Our club has a paid secretary who has done an excellent job managing the club over a period of decades. However, we find that with age she is less able to fulfill her duties and would like to replace her. But we are worried that losing the job will affect her emotionally and financially.
Marketers sometimes try to convince us to buy things we never thought we wanted. Is that ethical?
I sell in a store. When there are long stretches without a customer I do crosswords to keep my sanity. Do I have to tell my boss?
Are provocative advertisements ethical?
Employees: See what you’re entitled to. Employers: See what you can (ethically) deny.
The Torah tells us that Rosh HaShana is a “Yom Teruah”, meaning a “day of sounding the shofar” (Bamidbar 29:1). However, the sages of the Talmud inferred from the nuances of the verses that actually we sound a fanfare of three different blasts: a “tekiah”, which is a simple blast; a “tru’ah”, which is a
It is an ancient custom that a groom be called up to the Torah on the Shabbat before the wedding, or in most Sefaradi communities the Shabbat after. In Yiddish this is called “Aufruf” which literally means “calling up” to the Torah. The origin of this custom is given in the Midrash Pirkei d’Rebbe Eliezer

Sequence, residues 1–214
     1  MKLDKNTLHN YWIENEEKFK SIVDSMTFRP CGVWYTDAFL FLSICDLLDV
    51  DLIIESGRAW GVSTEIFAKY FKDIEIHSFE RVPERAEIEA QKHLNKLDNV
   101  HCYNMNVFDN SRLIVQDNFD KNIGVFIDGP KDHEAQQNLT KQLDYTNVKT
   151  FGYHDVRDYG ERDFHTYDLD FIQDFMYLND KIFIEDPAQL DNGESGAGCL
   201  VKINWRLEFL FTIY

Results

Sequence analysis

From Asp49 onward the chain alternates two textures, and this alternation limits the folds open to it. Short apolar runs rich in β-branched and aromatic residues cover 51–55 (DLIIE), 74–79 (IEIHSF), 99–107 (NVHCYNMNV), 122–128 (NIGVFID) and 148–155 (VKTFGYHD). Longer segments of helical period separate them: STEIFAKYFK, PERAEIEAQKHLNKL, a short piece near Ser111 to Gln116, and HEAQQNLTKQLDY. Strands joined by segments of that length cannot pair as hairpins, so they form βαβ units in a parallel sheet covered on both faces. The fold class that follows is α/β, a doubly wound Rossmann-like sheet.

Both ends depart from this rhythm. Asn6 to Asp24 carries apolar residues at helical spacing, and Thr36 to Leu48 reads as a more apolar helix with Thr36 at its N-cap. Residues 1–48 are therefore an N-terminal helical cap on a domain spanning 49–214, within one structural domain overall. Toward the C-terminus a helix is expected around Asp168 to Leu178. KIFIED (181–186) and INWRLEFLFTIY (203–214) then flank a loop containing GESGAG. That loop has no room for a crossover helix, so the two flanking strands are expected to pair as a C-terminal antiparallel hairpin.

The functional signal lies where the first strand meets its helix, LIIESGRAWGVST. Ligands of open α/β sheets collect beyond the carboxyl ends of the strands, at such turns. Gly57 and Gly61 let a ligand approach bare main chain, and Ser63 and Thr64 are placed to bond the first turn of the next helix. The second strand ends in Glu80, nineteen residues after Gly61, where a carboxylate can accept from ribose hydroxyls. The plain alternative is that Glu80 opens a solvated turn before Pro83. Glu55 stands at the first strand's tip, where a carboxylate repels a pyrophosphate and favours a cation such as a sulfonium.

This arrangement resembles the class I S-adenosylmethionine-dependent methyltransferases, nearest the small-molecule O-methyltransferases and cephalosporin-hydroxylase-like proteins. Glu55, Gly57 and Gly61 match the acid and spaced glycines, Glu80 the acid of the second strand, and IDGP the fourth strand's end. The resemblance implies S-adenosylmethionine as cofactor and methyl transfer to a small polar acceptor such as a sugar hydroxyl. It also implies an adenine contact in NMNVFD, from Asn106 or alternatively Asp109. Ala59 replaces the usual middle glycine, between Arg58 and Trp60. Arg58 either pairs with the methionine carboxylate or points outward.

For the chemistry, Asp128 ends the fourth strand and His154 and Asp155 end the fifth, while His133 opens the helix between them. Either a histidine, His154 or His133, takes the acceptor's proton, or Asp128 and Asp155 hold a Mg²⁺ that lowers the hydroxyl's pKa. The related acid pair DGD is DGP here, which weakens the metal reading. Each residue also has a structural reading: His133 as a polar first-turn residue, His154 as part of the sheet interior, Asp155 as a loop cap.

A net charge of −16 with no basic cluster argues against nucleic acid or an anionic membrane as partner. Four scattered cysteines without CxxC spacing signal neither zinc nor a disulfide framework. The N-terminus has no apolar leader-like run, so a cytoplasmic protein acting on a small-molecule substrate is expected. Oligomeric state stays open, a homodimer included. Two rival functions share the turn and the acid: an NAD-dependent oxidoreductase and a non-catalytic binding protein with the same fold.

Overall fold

The day specifically mentioned in the Torah as the day of atonement is the tenth of Tishrei, Yom Kippur, but the entire ten days from Rosh HaShana until Yom Kippur are also called the “Ten days of repentance”. And to a lesser extent the entire month of Elul is devoted to repentance as well. For
Our parsha contains the Torah mitzva of birkat hamazon, the grace after meals.This is the only blessing on food which is mandated by the Torah, but serves as one source for the Rabbinical commandment to make a berakha before any food (Berakhot 48b). When faced with a variety of foods, we give precedence to certain
The Shulchan Arukh rules that on the birth of a baby boy, the parents bless “Hatov vehametiv”, thanking HaShem who is good and does good (SA OC 223:1). This is the blessing said on a blessed event which is common to several individuals (SA OC 222:1). The Mishna Berura explains that the boy is a